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Date: Wed, 15 Feb 1995 07:39:45 -0800 (PST)
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Subject: BurmaNet News: February 15, 1995
To: Recipients of conference <reg.burma@conf.igc.apc.org>
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Date: Wed, 15 Feb 1995 07:39:41 -0800

KNU leader seized in Thailand by defectors

The BurmaNet News, Issue 108
13 February 1995

A key Karen guerrilla leader was kidnapped on Thursday night by a group of eight armed Karen Buddhist defectors who illegally crossed the Moei River into a refugee camp in Thailand's Tha song Yang district of Tak.

Leaders of the Karen National Union (KNU) in separate interviews yesterday said they did not yet know the whereabouts of Padoh Mahn Yin Sein, but believe he must have taken to Myaingnyingu Temple in Burma where the KNU Buddhist defectors have set up a headquarters.

Thai authorities in Bangkok and Mae Sot said yesterday they were unable to take any action to prevent the kidnapping as they not promptly alerted of the incident which accrued late in night. A senior officer of Tak Force 34 in Mae sot said that his office will soon send a verbal message to Burmese authorities in Myawaddy to protest territorial transgression and the kidnapping of Mahn Yin Sein, a KNU administrative governor of Pa-an District, from the refugee camp at Baan Bae Kraw, about 60 km north of Mae Sot.

KNU leader said they believe the defectors, who formed a rival group called the Democratic Kayin Buddhist Organisation (DKBO) in late December, would try to coerce Mahn Yin Sein, the top Buddhist in the KNU, to talk the leadership of the new group. They said the 55-year-old hostage "is a very nice and gentle men who commands wide respect from both KNU Buddhist members and local villagers" and that the DKBO "will probably force him to become their leader."

In December and January the defectors kidnapped three other senior KNU Buddhist leaders including Mahn Yin Sein's deputy Ya Yu who is the first vice governor of Pa-an and Ban Yuang, a financial officer of the KNU's 7th Brigade, and forces them to enter the monkhood. The three leaders had gone to Myaingnyingu Temple in an attempt to resolve religious conflicts between KNU Buddhist and Christian members but were taken hostage and have not yet been released, according to a KNU officer. The DKBO, currently led by U Thuzana, a Karen Buddhist monk who follows a strict discipline and a vegetarian diet, has tried to recruit KNU Buddhist members, forces and villagers, accusing the Christian-led KNU leadership of discrimination against the promotion of Buddhist members and the practice of Buddhist religious activities.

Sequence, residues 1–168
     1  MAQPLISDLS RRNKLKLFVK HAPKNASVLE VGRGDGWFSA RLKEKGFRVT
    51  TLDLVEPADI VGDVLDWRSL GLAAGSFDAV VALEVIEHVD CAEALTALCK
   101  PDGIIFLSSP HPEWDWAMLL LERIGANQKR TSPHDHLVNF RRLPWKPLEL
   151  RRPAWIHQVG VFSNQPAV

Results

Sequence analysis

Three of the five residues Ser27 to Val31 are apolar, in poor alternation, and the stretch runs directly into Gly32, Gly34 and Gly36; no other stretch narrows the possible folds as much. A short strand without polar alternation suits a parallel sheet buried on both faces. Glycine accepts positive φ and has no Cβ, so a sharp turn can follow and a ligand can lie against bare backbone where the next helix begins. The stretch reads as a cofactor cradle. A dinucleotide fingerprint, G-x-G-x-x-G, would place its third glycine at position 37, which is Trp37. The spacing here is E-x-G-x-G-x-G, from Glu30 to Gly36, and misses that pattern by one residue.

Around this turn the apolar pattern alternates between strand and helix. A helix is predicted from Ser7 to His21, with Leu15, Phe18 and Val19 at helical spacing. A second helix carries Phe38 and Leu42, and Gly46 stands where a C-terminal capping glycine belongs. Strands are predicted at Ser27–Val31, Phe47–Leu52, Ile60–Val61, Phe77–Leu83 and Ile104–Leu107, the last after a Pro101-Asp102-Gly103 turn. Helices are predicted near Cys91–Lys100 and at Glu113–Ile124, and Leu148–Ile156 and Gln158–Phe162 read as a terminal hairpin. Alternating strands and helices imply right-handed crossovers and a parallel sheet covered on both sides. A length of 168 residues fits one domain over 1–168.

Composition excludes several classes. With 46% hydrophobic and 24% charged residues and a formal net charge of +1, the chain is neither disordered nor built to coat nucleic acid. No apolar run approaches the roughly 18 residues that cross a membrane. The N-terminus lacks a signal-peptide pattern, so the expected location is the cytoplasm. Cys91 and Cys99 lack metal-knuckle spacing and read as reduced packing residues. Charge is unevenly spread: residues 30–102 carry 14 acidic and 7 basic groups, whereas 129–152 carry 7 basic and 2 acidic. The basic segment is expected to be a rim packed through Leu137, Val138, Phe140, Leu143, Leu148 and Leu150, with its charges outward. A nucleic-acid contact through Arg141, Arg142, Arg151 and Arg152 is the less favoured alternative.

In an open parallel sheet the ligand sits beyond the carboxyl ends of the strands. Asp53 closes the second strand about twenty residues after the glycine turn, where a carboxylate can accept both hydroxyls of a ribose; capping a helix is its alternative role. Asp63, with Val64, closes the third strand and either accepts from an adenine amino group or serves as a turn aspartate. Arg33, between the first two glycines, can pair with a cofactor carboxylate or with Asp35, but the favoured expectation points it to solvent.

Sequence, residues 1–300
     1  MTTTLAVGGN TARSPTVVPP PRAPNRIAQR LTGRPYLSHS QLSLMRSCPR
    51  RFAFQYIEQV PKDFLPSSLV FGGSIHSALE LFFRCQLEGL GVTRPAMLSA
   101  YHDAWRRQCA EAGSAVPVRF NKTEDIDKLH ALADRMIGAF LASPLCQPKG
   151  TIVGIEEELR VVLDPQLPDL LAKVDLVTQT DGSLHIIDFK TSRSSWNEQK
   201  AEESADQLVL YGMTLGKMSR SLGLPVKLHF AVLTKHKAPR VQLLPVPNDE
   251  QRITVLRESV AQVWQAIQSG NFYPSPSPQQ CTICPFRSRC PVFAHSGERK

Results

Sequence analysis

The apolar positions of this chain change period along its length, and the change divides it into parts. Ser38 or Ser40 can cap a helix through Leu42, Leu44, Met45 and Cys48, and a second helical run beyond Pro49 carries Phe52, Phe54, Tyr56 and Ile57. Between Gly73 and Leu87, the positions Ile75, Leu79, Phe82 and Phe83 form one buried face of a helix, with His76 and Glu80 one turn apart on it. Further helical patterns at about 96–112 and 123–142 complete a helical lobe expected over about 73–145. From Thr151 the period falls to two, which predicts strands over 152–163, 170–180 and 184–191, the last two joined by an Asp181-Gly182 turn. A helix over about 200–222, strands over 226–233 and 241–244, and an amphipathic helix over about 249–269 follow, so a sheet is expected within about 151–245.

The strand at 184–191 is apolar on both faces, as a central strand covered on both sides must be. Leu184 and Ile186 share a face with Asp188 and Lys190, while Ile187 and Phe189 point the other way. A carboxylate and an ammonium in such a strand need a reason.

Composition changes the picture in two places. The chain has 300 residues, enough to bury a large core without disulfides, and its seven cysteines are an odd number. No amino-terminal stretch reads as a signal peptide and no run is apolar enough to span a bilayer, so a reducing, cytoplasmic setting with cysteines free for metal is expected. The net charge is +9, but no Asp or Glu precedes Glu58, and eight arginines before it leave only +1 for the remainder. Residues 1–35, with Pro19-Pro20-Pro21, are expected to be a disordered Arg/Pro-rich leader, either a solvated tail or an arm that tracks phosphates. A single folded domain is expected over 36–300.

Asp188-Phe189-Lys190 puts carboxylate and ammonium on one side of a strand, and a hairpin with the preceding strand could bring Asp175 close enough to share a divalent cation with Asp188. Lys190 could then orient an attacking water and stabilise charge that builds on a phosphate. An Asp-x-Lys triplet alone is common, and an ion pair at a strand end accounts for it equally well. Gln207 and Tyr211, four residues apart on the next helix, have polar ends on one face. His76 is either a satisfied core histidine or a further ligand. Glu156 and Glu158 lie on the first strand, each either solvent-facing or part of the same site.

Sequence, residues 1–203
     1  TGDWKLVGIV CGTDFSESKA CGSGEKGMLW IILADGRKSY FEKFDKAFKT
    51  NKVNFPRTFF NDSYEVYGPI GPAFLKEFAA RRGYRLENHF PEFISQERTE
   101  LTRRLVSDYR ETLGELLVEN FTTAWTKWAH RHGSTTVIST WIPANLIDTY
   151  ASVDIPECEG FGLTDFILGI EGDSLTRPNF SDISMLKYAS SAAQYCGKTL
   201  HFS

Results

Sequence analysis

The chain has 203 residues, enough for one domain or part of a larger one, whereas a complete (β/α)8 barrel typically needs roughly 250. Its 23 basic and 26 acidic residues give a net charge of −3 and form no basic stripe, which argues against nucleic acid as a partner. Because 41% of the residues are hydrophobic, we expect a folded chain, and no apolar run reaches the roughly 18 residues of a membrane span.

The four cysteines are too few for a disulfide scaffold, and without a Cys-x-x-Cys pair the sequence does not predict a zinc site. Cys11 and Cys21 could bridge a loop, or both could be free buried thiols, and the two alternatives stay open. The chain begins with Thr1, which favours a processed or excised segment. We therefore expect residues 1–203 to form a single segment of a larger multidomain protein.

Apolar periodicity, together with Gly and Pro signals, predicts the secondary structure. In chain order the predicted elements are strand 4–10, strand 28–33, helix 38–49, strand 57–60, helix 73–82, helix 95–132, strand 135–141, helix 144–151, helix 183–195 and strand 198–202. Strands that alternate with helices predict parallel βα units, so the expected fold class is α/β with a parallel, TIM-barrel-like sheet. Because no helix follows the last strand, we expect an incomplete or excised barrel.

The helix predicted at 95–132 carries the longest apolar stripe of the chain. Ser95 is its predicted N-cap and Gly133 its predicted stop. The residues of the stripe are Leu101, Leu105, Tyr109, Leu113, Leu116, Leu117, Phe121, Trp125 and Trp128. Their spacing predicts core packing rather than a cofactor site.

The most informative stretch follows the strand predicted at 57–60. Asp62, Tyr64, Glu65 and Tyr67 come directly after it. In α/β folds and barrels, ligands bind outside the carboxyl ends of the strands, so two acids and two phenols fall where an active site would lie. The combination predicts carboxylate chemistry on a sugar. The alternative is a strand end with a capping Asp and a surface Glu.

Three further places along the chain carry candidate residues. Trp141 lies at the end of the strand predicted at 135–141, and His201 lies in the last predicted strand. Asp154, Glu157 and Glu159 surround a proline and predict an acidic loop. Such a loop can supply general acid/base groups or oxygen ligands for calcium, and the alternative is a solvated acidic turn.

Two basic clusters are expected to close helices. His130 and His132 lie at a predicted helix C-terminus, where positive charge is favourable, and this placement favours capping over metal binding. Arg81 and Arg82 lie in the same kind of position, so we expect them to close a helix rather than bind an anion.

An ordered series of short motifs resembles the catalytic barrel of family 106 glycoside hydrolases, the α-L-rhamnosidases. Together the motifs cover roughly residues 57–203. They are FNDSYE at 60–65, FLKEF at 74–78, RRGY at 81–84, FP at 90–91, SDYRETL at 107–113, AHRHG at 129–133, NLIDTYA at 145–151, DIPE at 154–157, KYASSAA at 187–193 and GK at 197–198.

The junta, known as the Slorc, has been supporting the DKBO'a military wing, the Democratic Kayin Buddhist Army (DKBA), and used them in the military offensive to capture the KNU headquarters of Manerplaw.

A Karen witness of Thursday's kidnapping told The Nation yesterday that a total of four person including Mahn Yin Sein were kidnapped from the Pa-an governor's house in Baan Bae Kraw by a group of eight DKBA forces armed with AK-47 rifles, an M-79 rocket launches and hand grenades. The kidnappers also captured two Karen villagers familiar with the locality to guide them to the governor's residence.

The other hostages captured at the residence are Sim Bo, the governor's nephew, Sai Jed, a KNU judge, and Maung Aye, second vice governor of Pa-an and son-in-law of Mahn Yin Sein.

Maung Aye was forced to drive the governor's Mazda pick-up, but managed to escape his captors with only minor injuries after driving the vehicle into a tree on the Mae Sot-Tha Song yang highway. However, his father-in-law and the two other hostages were later taken across the Moei River into the

Burmese army camp at Moe Pa Zu, opposite Tak's Mae Ramat district and about 15 km south of Baan Bae Kraw. A witness said the incident took place about 10 pm on Thursday when the governor's family was watching TV and Mahn Yin Sein himself was listening to the radio.

The kidnappers, according to the witness, told the governor that the DKBO leader and the monk U Thuzana "had told them to come and bring Mahn Yin Sein" back to Myaingnyingu Temple. "He (the governor) knew two of the DKBA kidnappers very well as they uesd to work for him," said the witness. The two kidnappers were identified as Maung Soe and Maung Tu. The witness said he believes the Burmese junta and the DKBA will not harm the governor and will try use him to campaign for support of the DKBO, especially in Pa-an district where the majority of the Karen population is Buddhist.

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